Porphyria

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Porphyria is a term used to describe a variety of blood disorders related to the iron-rich molecule found in hemoglobin (heme). Heme carries oxygen to the body, so when it is not produced correctly, porphyrins can build up in the body, which can lead to porphyria.

There are many types of porphyria, but there are two main categories- acute and cutaneous. Both types are lifelong conditions that can range from mild to severe symptoms that can be triggered by a variety of factors, to include sunlight, hormonal changes, and alcohol consumption.

  • Acute porphyria affects the nervous system, causing abdominal pain, numbness, cramping, vomiting, and mental disorders.
  • Cutaneous porphyrias affect the skin, causing blisters and swelling when exposed to sun.

Cutaneous porphyria resembles vampirism in regards to the physical effects of sun on a vampire.

Because the body cannot break down the heme in the blood, the body deposits the toxin on the skin, gums, and teeth. As the condition worsens, the skin may blacken, blister, and rupture when exposed to sunlight.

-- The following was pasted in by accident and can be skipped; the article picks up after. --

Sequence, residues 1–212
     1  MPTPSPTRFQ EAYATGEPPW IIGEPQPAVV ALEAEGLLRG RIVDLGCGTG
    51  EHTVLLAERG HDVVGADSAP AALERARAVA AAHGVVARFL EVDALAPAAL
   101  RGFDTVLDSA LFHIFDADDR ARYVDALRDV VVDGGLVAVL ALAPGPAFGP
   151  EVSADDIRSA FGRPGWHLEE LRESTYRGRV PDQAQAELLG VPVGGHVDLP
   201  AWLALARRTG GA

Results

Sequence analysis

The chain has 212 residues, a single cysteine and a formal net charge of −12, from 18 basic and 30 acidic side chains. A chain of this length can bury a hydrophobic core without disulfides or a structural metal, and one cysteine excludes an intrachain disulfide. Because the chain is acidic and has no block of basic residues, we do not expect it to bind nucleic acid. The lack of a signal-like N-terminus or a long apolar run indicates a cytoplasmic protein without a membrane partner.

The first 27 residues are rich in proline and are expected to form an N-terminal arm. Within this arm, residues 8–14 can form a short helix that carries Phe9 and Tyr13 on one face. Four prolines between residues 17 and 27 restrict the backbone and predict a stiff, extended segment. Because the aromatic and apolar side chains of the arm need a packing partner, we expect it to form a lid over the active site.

The disease has been around since the beginning of time, and it’s said that a remedy for the pain and anemia caused by porphyria, people would once drink animal blood. And, since the those who suffered the disease could not go out in the daytime, they would go out at night to capture animals and drink their blood, furthering correlation between the porphyria disease and vampirism.

Another well-known part of vampire lore is that a vampire cannot see its reflection in a mirror. Well, people who suffer from porphyria may avoid looking into mirrors due to the effects of sunlight on their face. It was not uncommon for those with those who suffer advanced and severe stages to have the tips of their lips, noses, and ears eaten off. Then, without the lips, the face may have a hideous expression.